A California judge has overturned the appeal courts ruling that parents had no right to homeschool their children in the state.
The past ruling in the Rachel L. implied that parents could be liable for civil and criminal penalties simply for teaching their own children at home.
An estimated 166,000 children are being homeschooled in California. Their parents and advocates expressed concern that the court's original ruling would leave parents who educate their children at home open to criminal truancy charges and civil charges for child neglect.
The appeal court's first ruling ruled that "keeping the children at home deprived them of situations where (1) they could interact with people outside the family, (2) there are people who could provide help if something is amiss in the children's lives, and (3) they could develop emotionally in a broader world than the parents' 'cloistered' setting."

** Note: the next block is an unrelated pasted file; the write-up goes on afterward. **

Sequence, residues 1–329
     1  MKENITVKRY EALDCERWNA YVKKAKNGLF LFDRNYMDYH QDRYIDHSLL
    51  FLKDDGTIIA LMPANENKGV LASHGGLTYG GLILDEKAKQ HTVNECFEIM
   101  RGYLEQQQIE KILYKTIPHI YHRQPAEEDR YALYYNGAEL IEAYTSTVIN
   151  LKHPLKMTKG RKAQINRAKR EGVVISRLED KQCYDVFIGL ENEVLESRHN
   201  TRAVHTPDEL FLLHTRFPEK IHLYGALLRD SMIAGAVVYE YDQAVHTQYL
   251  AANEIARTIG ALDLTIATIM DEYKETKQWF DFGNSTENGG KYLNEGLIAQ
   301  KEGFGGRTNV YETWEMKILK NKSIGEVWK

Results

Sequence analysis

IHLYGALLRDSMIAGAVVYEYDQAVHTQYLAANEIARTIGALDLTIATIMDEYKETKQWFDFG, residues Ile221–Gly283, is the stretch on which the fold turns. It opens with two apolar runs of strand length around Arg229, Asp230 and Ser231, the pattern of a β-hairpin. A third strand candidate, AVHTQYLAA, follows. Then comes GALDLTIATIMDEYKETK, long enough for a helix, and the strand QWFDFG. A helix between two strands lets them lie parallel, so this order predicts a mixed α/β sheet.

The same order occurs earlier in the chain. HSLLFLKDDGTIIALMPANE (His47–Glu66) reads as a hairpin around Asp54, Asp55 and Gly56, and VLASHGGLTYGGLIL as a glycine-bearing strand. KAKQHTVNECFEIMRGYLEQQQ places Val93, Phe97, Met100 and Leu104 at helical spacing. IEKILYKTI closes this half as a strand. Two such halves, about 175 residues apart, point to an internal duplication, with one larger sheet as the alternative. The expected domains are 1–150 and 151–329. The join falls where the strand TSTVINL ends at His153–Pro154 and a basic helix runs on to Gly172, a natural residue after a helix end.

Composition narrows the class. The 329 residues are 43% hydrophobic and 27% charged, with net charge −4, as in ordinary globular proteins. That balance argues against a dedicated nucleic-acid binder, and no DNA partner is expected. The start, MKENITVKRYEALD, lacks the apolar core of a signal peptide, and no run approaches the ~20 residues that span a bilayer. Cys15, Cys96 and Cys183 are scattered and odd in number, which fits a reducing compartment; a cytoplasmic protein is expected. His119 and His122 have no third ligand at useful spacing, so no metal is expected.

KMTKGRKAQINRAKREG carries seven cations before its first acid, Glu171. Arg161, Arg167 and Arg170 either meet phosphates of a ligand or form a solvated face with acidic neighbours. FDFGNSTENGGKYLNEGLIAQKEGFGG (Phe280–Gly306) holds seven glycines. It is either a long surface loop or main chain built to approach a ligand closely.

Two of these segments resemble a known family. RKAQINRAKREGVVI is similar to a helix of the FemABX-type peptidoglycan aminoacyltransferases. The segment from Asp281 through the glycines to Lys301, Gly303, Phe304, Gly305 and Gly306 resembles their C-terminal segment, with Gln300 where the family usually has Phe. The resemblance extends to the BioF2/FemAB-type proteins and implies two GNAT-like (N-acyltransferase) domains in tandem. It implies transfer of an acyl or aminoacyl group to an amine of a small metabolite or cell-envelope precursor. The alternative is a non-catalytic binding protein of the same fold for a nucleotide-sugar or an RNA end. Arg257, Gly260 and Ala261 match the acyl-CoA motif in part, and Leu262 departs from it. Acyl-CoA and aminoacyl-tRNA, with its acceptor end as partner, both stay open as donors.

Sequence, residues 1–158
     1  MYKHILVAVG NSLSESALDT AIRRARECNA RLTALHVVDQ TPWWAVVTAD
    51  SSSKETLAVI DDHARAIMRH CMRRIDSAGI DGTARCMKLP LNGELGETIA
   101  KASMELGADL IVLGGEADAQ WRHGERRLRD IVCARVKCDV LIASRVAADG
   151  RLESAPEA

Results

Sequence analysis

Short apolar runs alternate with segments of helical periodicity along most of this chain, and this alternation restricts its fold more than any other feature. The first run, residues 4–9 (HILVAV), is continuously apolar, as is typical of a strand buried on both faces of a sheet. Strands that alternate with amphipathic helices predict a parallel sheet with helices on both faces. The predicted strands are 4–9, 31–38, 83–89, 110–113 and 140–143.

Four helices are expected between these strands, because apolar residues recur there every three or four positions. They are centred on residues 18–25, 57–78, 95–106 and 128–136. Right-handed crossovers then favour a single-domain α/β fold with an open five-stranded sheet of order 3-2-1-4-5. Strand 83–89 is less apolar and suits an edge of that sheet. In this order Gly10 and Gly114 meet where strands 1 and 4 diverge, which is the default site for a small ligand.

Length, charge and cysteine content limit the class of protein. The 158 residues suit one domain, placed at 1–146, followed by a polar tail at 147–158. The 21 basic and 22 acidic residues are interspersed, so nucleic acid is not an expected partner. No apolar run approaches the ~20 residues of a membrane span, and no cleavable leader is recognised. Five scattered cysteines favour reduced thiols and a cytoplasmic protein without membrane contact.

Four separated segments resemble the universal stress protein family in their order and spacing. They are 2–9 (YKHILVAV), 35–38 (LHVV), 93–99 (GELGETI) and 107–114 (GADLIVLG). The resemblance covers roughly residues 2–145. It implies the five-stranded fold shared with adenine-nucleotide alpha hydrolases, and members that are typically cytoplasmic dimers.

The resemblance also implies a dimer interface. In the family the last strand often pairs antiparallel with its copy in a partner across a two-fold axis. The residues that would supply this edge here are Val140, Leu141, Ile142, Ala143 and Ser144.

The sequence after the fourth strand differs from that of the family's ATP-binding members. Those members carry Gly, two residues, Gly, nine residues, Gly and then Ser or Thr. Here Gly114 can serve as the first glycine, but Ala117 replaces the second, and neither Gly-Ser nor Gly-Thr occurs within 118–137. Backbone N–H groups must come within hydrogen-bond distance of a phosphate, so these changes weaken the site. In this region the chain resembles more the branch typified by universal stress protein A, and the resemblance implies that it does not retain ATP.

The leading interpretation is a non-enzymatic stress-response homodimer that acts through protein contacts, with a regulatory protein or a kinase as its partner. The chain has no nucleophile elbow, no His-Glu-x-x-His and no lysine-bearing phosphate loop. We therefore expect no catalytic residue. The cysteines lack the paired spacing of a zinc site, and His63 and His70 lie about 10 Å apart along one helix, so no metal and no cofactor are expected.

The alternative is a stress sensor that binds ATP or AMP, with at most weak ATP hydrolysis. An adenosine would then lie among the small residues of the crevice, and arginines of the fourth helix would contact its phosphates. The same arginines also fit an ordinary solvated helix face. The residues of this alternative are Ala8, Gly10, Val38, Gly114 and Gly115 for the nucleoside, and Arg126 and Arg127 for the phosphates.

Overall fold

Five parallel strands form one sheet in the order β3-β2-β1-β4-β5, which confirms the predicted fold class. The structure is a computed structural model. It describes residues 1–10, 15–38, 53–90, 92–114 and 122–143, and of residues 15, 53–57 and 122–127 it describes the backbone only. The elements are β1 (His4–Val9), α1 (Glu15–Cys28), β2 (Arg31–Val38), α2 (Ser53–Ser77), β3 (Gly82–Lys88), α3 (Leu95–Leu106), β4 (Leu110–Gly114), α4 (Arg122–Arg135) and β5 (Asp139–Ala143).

Brad Dacus, president of Pacific Justice Institute, representing the L. children in the case said, "We are still digesting the full impact of this ruling, but it is a major development which should, for all practical purposes, end this case."